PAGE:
12 rooms in Materials and Objects
Question how museums shape our ideas of value through Dion's display of objects found on the bank of the Thames
In 1999 Mark Dion and a team of volunteers searched the shoreline of the Thames. They unearthed a wide variety of artefacts relating to the history of the river and of London. Finds included clay pipes, animal bones, earthenware and plastic toys. A team of volunteers from local groups then cleaned and classified these items.
Dion chose an old-fashioned mahogany cabinet to house the objects. This kind of display furniture is still used in many museums. The items themselves are organised loosely by type, such as glassware, pottery and metal, rather than historically. By placing historic objects alongside contemporary ones, Dion has reimagined the conventions of museum display. This invites us to create our own stories and histories for these objects and to decide for ourselves what has value.
The cabinet is double-sided. Objects are separated according to where they were found. Dion searched the north shore at Millbank (the site of Tate Britain) and the south shore at Bankside (in front of Tate Modern). Dion made the work when Tate Modern was being built. The objects reflect the specific history of each site, but they also relate to the history and evolution of Tate, and of museums more broadly. Dion often incorporates aspects of archaeology within his work and regularly collaborates with other artists, community groups and institutions.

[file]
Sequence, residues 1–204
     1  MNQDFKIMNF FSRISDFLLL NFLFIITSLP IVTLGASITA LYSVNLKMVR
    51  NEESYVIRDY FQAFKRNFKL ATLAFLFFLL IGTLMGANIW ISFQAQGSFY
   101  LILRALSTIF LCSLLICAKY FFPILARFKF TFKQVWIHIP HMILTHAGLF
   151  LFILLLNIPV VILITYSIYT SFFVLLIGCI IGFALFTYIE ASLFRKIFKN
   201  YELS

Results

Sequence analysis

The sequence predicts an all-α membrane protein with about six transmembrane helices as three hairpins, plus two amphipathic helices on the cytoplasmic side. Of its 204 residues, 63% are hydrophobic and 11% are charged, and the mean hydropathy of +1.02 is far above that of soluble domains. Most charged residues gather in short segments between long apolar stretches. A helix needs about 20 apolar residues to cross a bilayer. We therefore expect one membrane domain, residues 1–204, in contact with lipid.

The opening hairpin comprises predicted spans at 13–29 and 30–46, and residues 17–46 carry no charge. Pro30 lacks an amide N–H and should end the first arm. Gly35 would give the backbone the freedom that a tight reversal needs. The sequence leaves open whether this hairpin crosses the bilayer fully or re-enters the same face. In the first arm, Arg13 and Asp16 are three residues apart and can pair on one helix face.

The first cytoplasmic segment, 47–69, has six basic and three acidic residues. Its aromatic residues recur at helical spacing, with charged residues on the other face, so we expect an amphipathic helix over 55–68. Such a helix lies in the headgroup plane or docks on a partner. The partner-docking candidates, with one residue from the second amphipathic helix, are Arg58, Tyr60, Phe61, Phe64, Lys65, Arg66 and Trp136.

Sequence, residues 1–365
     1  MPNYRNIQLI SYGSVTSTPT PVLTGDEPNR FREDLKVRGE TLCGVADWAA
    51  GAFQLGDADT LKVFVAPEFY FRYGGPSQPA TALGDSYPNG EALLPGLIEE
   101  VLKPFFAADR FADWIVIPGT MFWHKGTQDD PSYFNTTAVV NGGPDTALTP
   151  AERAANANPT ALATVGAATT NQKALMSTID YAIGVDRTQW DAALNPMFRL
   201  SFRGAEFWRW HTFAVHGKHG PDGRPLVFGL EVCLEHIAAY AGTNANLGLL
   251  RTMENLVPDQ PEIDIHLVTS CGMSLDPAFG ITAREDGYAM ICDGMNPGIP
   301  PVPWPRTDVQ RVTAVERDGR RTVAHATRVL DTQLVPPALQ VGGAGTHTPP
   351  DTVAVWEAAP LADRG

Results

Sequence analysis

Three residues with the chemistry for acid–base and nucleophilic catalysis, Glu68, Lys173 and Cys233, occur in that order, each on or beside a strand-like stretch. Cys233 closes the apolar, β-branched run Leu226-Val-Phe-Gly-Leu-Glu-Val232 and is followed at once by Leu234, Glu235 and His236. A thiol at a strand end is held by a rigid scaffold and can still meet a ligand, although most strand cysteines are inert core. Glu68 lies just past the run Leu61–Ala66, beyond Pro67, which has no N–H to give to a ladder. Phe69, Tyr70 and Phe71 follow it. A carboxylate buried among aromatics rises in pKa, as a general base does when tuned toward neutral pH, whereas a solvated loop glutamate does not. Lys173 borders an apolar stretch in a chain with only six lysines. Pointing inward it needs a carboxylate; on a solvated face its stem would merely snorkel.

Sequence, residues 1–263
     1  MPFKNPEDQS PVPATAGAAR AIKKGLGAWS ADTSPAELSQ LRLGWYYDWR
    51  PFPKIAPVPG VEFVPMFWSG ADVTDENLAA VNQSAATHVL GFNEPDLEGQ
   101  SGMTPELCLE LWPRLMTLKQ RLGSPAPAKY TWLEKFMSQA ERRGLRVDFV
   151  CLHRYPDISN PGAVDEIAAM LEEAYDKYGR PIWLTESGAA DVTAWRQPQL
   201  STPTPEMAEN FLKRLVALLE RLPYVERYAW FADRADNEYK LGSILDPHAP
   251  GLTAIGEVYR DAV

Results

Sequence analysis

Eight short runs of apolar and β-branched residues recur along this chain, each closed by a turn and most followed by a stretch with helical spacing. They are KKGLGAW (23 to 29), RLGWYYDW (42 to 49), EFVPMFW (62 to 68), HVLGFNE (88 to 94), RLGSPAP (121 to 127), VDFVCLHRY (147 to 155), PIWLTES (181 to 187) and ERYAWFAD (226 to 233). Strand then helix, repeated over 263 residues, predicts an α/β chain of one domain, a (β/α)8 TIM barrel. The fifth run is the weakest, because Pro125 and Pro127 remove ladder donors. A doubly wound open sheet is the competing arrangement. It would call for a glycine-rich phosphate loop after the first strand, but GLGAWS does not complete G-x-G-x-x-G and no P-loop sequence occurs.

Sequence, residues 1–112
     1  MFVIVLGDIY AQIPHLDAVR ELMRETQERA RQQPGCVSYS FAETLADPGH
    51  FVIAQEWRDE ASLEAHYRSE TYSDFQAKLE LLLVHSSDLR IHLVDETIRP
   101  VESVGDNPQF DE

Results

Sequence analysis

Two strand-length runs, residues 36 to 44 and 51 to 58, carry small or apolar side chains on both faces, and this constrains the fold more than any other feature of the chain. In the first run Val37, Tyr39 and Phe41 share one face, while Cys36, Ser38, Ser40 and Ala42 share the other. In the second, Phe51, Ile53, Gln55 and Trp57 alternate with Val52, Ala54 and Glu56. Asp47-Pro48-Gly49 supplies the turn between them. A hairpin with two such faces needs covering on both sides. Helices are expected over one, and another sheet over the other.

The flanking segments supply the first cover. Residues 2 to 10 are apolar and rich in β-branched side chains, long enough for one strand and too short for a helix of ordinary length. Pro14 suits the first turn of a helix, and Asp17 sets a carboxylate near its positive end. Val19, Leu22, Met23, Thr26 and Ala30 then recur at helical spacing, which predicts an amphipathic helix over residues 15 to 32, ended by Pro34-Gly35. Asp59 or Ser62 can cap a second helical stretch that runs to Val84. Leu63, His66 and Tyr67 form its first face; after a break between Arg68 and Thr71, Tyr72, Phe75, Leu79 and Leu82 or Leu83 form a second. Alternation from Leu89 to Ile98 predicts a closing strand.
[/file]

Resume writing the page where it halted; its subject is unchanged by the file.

Mark Dion, Tate Thames Dig 1999
This double-sided cabinet houses the artefacts retrieved during the Tate Thames Dig. One side contains items found at Millbank, the other those from Bankside. The cabinet is in the style of nineteenth-century display furniture still found in many museums. However, Dion has not labelled any of the objects, allowing the visitor to form their own ideas about them.
Gallery label, August 2004
artworks in Mark Dion
Mark Dion, Tate Thames Dig - Locker 2000
The Locker contains items belonging to or used by Dion during the course of the Tate Thames Dig, including his orange boiler suit, site jacket and white lab coat. The robust utilitarian character of the locker contrasts with the crafted finish of the cabinet. The inclusion of two dustbins filled with materials (and labelled ‘Millbank’ and ‘Bankside’) raises questions about the way we categorise objects into those we value and those we cast aside as waste.
Gallery label, May 2003
artworks in Mark Dion